This Veterans Day, one of America's most revered military memorials will mark 100 years since its dedication.
For a century, the Tomb of the Unknown Soldier has stood at Arlington National Cemetery to serve as a tribute to all U.S. military members who surrendered their lives and identities to protect their country.
On Thursday, the nation's largest military cemetery will recreate the full military procession the first unknown soldier received 100 years ago upon his interment in the tomb.
Following World War I, the Tomb of the Unknown Soldier was constructed at the Memorial Amphitheater at Arlington National Cemetery. Upon its completion in 1921, a still unidentified soldier who had been killed in France during World War I was selected to forever serve as the "Unknown Soldier."
In November 1921, the body of the unknown soldier was returned from France to the U.S. For two days, the soldier's casket lay in state in the Capitol Rotunda. There, the public was invited to pass by and pay their respects.
On Tuesday, the cemetery opened the plaza at the Tomb of the Unknown Soldier for the first time in decades to allow the public to lay flowers at the tomb — a nod to the unknown soldier's time laying in state at the Capitol.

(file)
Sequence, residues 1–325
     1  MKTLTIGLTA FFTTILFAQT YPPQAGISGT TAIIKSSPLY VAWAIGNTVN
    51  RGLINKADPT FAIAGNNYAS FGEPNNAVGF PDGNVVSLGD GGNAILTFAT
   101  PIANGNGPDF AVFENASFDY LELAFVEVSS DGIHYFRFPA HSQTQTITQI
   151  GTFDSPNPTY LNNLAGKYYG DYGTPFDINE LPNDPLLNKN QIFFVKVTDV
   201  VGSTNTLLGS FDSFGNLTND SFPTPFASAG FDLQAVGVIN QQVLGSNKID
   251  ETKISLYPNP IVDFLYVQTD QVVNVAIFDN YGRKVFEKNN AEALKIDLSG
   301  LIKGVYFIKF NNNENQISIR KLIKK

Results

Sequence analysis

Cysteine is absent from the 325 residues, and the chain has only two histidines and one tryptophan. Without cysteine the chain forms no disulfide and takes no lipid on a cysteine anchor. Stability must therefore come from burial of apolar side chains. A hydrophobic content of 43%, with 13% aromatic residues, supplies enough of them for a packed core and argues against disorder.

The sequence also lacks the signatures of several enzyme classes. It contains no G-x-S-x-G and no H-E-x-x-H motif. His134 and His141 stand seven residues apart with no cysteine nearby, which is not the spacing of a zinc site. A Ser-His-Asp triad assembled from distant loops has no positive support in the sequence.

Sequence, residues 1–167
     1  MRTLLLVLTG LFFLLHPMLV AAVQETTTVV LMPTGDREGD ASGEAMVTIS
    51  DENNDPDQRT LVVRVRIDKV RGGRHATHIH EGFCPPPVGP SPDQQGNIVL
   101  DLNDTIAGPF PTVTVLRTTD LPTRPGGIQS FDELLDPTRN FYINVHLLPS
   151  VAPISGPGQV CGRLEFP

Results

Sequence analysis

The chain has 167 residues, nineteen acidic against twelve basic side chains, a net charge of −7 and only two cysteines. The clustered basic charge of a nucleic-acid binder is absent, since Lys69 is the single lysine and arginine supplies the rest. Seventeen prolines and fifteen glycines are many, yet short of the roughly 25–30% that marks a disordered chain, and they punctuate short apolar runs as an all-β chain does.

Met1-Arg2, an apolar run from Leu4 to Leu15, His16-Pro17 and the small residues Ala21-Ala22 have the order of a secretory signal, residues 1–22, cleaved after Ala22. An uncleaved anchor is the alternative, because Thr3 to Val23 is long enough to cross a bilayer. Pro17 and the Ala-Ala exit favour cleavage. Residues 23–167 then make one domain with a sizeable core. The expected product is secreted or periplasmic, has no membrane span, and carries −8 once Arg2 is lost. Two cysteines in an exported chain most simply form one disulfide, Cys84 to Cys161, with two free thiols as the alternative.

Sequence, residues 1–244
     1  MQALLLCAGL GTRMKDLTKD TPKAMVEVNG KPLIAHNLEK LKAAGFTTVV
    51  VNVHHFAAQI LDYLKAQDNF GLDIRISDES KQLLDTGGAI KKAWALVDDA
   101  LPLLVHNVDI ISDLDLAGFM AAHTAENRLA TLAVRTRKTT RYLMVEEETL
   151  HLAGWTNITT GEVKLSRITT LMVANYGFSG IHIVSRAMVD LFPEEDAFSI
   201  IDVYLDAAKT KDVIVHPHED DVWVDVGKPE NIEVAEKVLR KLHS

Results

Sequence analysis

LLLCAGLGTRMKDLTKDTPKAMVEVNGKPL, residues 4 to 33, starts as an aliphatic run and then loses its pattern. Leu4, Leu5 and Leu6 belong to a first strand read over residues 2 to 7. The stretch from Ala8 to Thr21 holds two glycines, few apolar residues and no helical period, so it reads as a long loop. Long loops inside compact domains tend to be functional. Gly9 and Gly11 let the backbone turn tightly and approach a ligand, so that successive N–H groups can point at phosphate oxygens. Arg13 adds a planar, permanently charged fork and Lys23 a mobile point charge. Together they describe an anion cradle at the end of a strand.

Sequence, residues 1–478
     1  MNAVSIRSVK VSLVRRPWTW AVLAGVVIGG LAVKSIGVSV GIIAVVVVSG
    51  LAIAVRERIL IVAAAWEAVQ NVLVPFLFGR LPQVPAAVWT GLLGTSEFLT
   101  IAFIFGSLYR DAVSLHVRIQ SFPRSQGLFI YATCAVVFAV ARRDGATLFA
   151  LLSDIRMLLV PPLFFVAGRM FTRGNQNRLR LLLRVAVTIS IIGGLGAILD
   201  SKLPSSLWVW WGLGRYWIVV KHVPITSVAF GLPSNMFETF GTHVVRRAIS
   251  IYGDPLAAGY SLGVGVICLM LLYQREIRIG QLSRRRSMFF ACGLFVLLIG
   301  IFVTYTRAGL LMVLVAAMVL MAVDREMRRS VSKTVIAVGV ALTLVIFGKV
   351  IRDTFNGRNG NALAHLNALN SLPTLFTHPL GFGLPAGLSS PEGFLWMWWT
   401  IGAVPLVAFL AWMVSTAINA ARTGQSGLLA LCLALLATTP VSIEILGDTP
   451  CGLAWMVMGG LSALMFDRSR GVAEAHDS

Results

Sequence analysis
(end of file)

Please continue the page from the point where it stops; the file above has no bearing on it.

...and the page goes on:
On Nov. 11, 1921, the soldier's body was taken from the Capitol to Arlington National Cemetery with a complete joint honors procession. Following the solemn procession, the casket was interred in the tomb, where it remains today.
Unidentified soldiers from World War II and the Korean War have since been interred at the tomb.
On Thursday at 9 a.m. ET, Arlington National Cemetery and the U.S. military will re-create the 1921 procession, including an aerial review.
At 11 a.m. ET, President Joe Biden will make a Veterans Day trip to Arlington National Cemetery for the first time as commander-in-chief. After laying a wreath at the Tomb of the Unknown Soldier, he's expected to deliver public remarks at the amphitheater.